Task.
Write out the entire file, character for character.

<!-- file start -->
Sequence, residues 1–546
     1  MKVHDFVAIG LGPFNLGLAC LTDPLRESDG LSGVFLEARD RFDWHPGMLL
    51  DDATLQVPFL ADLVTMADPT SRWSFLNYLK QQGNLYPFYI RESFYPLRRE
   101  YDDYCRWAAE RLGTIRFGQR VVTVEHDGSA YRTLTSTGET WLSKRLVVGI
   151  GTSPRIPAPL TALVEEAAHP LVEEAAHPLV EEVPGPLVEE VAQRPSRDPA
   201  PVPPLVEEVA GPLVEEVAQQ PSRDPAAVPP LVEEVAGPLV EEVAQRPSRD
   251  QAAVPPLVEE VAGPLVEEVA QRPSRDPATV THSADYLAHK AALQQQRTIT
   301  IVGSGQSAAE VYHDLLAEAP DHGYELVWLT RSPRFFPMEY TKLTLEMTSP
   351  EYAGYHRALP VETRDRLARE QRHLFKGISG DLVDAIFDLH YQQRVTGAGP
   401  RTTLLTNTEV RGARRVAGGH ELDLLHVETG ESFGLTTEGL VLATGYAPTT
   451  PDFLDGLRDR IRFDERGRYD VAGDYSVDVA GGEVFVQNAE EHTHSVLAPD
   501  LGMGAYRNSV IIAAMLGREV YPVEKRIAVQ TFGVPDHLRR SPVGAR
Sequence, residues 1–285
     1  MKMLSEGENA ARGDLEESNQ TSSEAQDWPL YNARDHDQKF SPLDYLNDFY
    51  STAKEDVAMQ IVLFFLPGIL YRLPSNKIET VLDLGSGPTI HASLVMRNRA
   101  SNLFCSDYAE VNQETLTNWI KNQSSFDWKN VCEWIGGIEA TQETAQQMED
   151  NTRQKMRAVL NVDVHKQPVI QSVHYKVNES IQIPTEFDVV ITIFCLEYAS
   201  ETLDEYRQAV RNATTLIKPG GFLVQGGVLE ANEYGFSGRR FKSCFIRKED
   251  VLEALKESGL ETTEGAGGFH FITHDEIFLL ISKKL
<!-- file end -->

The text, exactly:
Sequence, residues 1–546
     1  MKVHDFVAIG LGPFNLGLAC LTDPLRESDG LSGVFLEARD RFDWHPGMLL
    51  DDATLQVPFL ADLVTMADPT SRWSFLNYLK QQGNLYPFYI RESFYPLRRE
   101  YDDYCRWAAE RLGTIRFGQR VVTVEHDGSA YRTLTSTGET WLSKRLVVGI
   151  GTSPRIPAPL TALVEEAAHP LVEEAAHPLV EEVPGPLVEE VAQRPSRDPA
   201  PVPPLVEEVA GPLVEEVAQQ PSRDPAAVPP LVEEVAGPLV EEVAQRPSRD
   251  QAAVPPLVEE VAGPLVEEVA QRPSRDPATV THSADYLAHK AALQQQRTIT
   301  IVGSGQSAAE VYHDLLAEAP DHGYELVWLT RSPRFFPMEY TKLTLEMTSP
   351  EYAGYHRALP VETRDRLARE QRHLFKGISG DLVDAIFDLH YQQRVTGAGP
   401  RTTLLTNTEV RGARRVAGGH ELDLLHVETG ESFGLTTEGL VLATGYAPTT
   451  PDFLDGLRDR IRFDERGRYD VAGDYSVDVA GGEVFVQNAE EHTHSVLAPD
   501  LGMGAYRNSV IIAAMLGREV YPVEKRIAVQ TFGVPDHLRR SPVGAR
Sequence, residues 1–285
     1  MKMLSEGENA ARGDLEESNQ TSSEAQDWPL YNARDHDQKF SPLDYLNDFY
    51  STAKEDVAMQ IVLFFLPGIL YRLPSNKIET VLDLGSGPTI HASLVMRNRA
   101  SNLFCSDYAE VNQETLTNWI KNQSSFDWKN VCEWIGGIEA TQETAQQMED
   151  NTRQKMRAVL NVDVHKQPVI QSVHYKVNES IQIPTEFDVV ITIFCLEYAS
   201  ETLDEYRQAV RNATTLIKPG GFLVQGGVLE ANEYGFSGRR FKSCFIRKED
   251  VLEALKESGL ETTEGAGGFH FITHDEIFLL ISKKL